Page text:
The challenges of metal powder removal: Managing risk, productivity and quality
One of the goals for the metal Additive Manufacturing industry is the automated series production of components through a streamlined manufacturing process. Such an ambitious goal faces a major obstacle: the challenge of powder removal. Joseph Kowen reviews some of the significant risks facing AM producers at this stage of the process, from health and safety considerations to the impact on quality and productivity, and highlights some of the technologies being developed to address them. [First published in Metal AM Vol. 4 No. 1, Spring 2018 | 15 minute read | View on Issuu | Download PDF]
In January 2003 an explosion occurred at a plant in North Carolina, USA, belonging to West Pharmaceutical Services. Six workers at the plant were killed and thirty-eight were injured. Debris from the blast was found up to two miles from the plant, the explosion was felt twenty-five miles away, and the plant suffered significant damages and destruction. The plant manufactured synthetic rubber products for the medical industry and the cause of the blast turned out to be an accumulation of polyethylene dust from powders and fillers that were used in the manufacturing process. Something had disturbed the dust accumulation, resulting in a cloud of particles which ignited. The blast triggered a study by the Chemical Safety Board, a US government agency. Its report in 2006 found that in the twenty–five year period between 1980 and 2005, 281 incidents of chemical dust-related explosions had caused 119 deaths and 718 injuries.
Dust has for years presented a recognised hazard in many industries and the metal powder industry has not been immune. In December 2010, an explosion at the titanium plant belonging to AL Solutions in New Cumberland, West Virginia, USA, resulted in the deaths of three workers. In January 2011, an explosion at a Hoeganaes iron powder facility in Gallatin, Tennessee, USA, resulted in fatal injuries to five workers. These are just two examples. There are others from elsewhere in the world.
Metal AM is a relatively new industrial endeavour and powder management is a central part of that activity. Manufacturers of AM systems are aware of the hazards posed by dust in general, and by reactive powders in particular, and systems take those risks into account. But what exactly happens after the build process has been completed, and the parts are ready for post-processing, has not been systemically addressed. Systems manufacturers have not, in general, offered equipment to manage the problem. Users have been left to their own devices to manage the risks and inconvenience of part and powder removal in the way they best see fit.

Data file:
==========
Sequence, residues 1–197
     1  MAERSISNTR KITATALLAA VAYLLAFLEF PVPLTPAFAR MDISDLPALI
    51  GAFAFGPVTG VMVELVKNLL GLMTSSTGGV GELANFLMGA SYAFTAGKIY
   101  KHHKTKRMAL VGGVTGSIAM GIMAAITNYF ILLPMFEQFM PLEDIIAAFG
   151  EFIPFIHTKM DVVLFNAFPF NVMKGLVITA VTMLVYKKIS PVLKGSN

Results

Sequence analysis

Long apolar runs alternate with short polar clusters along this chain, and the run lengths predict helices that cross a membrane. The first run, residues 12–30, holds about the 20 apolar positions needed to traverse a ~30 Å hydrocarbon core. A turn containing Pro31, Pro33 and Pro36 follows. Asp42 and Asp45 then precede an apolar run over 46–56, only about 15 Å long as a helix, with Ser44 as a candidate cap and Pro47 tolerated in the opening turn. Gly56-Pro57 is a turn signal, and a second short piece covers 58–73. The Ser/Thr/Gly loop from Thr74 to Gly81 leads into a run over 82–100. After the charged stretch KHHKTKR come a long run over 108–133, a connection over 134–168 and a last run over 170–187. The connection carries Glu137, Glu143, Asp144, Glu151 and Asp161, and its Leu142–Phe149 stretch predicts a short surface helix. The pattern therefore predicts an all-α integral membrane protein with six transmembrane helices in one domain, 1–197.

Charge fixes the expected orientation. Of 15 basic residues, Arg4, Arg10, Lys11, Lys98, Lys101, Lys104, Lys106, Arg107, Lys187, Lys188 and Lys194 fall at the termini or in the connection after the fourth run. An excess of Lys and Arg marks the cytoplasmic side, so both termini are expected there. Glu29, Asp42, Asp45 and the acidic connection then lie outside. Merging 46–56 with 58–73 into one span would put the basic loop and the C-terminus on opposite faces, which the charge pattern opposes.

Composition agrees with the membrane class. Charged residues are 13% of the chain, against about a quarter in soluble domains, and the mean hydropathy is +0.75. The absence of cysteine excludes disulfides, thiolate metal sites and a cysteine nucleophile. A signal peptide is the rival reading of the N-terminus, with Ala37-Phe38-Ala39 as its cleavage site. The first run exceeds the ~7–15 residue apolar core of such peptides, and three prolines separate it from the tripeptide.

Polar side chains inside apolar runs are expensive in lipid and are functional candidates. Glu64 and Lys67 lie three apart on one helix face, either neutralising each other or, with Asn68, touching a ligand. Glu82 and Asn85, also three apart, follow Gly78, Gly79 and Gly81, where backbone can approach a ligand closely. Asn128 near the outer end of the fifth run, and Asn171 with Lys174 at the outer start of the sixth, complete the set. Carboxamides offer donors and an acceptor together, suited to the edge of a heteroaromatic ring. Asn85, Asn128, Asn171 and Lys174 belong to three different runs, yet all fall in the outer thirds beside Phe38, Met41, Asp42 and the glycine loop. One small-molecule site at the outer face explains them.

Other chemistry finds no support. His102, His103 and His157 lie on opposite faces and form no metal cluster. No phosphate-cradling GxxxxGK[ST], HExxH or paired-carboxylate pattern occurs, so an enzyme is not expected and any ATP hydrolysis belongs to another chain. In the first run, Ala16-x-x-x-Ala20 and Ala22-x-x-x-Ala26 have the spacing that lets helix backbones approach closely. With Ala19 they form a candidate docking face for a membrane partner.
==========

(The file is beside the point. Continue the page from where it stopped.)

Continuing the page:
The moment the build has run its course, and the parts are ready to be transferred out of the machine for further processing, turns out to be the weak link in the workflow. The build plate’s exit from the machine is a watershed moment in the process, one for which there is no clear modus operandi or standard. If not managed, then powder removal could turn out to be a chilling factor limiting the growth and industrialisation of metal Powder Bed Fusion (PBF).
The pain points for AM part producers
So what exactly is the pain suffered by operators of metal PBF in connection with part removal? It turns out that there are many more concerns than just safety. A list of what operators tend to think about includes:
Far and away the most important factor is reducing an explosion risk. This means preventing fine powder from finding its way into the factory environment and presenting a risk of explosion. This is critical for reactive metals such as aluminium and titanium.
Even if there was a lower risk of explosion, such as for non-reactive metals, ingestion of fine metal powder is an underestimated occupational health factor. Asbestos was handled openly before its detrimental health effects were shown. You would be hard-pressed to find a risk manager for all sizes of companies who would dare claim that ingestion or inhalation of metal powder has no effect on humans, even though its effects might not be precisely or fully understood at this stage.
The manual cleaning of parts, whatever the precautions taken to prevent ingestion of powder, is fraught with occupational health risks; nano-scale metal particles have been shown to penetrate the skin, and it is too early to know what this might mean for humans at the cell level. A face mask is unlikely to sufficiently prevent metal powder residue from entering the body. The best answer is reducing the powder at source before humans come into the picture.
Even if there were no occupational or health hazards associated with metal powders, the labour costs of powder removal are always going to be important. Manual labour is directly correlated to part complexity and part complexity is one of the factors that offers the greatest justification, though not the only one, for making the part in AM in the first place. So AM planners desire systems that can process complex parts with minimal effort, because each additional hour spent toiling to remove powder from inside complex lattice structures or internal channels chips away at the very viability of making that part by AM. In high labour cost locations, a reduction in the time needed to depowder a part could be the critical factor in assessing the viability of making the part by AM.